Culture
3 months ago

Qazi Bari Heritage Estate: Drinking history over a meal

Qazi Bari Heritage Estate, Old Dhaka
Qazi Bari Heritage Estate, Old Dhaka

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Apart from 'Kolkata Kacchi' or 'Shomsher Alir Khichuri' in Old Dhaka, did you hear the name 'Qazi Bari Heritage Estate'? Well, if you haven't yet, this is your opportunity to visit a home carrying 200 years of history with Mughal, Sultani and British traditions and have breakfast, lunch, and dinner there.

With the initiative taken by Taimur Islam, the founder of Urban Study Group, there has been this arrangement to let people visit several Urban Heritage homes where people will come to know about the history and have lunch, dinner and spend the night.

From the outside, 'Qazi Bari' doesn't look that big and certainly doesn't appear as it carries such a long history. Whatever it looks from the outside, you'll be amazed at the well-furnished interior. Qazi Saad Ullah Alim who is supervising the Qazi Bari Heritage Home, will greet the visitors, following the hereditary lineage of the Qazi Family.

Qazi Family is one of the fourteen most prominent families in Old Dhaka. There are many assumptions about the root of the Qazi Family. But a general conclusion can be made by looking at the old coins Qazi Saad shows the visitors with which he played in his childhood. Some of these coins have pictures of Madina, Sultan Mahmud of Ghazni, and there are also some square-shaped Mughal coins.

There are three tombs in the outer quarter of the house where the names are written in Persian language. Looking at these symbols, a general assumption can be made that the 'Qazi Family' ancestors may have come from the Middle East. But one thing Qazi Saad confirmed himself is that his ancestors came to preach religion.

Going back a couple of centuries, this place was a jungle. It was cleaned and turned into a mosque by Syed Ahmed Boks. He was considered a sage, the founder of the Qazi Family. The house was built by Mirza Elahi Boks in 1820.

Mirza Elahi had five sons; two of them joined in the Sipahi Mutiny against the British in 1857. One of them was blown up with a cannonball as a punishment. The other was exiled to the prison of Andaman Island. The mosque was later renovated by Maulana Rahim Boks and his son, Qazi Abdur Rauf. At that time, the family's name did not have the title Qazi. The title came in 1892, during the British period when the Muslims in Dhaka didn't recognise the British court system. Abdur Rauf initiated a separate court system according to the Muslim Law, which brought the title 'Qazi'. That is why the road leading to the home was named after him as 'Qazi Abdur Rauf Road'.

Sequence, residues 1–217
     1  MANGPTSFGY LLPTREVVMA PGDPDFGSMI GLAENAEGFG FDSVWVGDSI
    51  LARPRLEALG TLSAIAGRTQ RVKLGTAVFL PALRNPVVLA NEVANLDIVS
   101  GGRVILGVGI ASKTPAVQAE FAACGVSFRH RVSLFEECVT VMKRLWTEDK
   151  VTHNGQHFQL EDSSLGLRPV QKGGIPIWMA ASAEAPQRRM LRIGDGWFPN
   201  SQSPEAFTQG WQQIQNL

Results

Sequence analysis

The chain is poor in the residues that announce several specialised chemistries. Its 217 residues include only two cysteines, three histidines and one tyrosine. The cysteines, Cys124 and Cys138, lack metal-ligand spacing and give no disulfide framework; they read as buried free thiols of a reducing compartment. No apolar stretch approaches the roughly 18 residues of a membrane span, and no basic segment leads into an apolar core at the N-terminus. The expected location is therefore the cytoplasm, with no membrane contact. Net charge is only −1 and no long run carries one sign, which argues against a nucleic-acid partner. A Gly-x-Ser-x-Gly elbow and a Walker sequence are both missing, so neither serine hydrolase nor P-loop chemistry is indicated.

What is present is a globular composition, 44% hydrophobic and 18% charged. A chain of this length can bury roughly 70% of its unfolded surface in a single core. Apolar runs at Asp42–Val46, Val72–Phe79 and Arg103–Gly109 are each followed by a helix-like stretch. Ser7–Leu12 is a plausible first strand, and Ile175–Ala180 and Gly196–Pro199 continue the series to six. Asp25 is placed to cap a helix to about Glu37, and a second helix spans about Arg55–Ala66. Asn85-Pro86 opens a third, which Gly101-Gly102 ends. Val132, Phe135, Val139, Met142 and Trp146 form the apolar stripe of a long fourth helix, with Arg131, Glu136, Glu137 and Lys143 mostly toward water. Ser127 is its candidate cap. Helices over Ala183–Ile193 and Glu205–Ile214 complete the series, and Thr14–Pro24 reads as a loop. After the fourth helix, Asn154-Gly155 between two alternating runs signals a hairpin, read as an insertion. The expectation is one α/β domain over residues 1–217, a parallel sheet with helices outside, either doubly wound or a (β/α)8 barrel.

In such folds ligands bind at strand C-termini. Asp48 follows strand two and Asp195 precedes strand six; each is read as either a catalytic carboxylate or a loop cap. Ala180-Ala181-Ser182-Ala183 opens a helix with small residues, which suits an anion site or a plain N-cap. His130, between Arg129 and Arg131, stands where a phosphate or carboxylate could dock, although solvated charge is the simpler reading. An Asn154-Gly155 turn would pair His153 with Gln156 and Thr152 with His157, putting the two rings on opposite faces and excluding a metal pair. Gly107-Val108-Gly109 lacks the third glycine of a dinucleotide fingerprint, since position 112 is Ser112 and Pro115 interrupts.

The mosque's architecture beside the Qazi Bari combines western Corinthian and Sultani Architecture. There were designs of flowers and leaves on the mosque's wall, accompanied by designs with broken glass pieces. There are windows made of teak wood and walls with the combined design of Roman and Mughal architecture. You will see a penholder made of Ivory and Bull's horn, a 200-year-old bedstead made of Shishak wood, an old gramophone of the famous company 'His Master's Voice', swords hanging in the drawing room, an old trunk consisting of formal papers which were signed in different periods concerning the ownership of the house and different lands, and many other antic pieces.

Many tourists and diplomats used to visit the house, and some suggested turning this house into a heritage home. So Qazi Saad Ullah Alim followed their advice. Different packages, including breakfast, lunch, dinner and barbeque party, are offered by Qazi Bari Heritage Home. The information is available on the Qazi Bari Heritage Estate Facebook page. The recent inclusion allows the visitors to spend the night with friends and families there.

Qazi Saad plans to turn the history of Qazi Bari into a book and publish it. If it happens, the present generation will be able to know more about their ancestors' culture and traditions.

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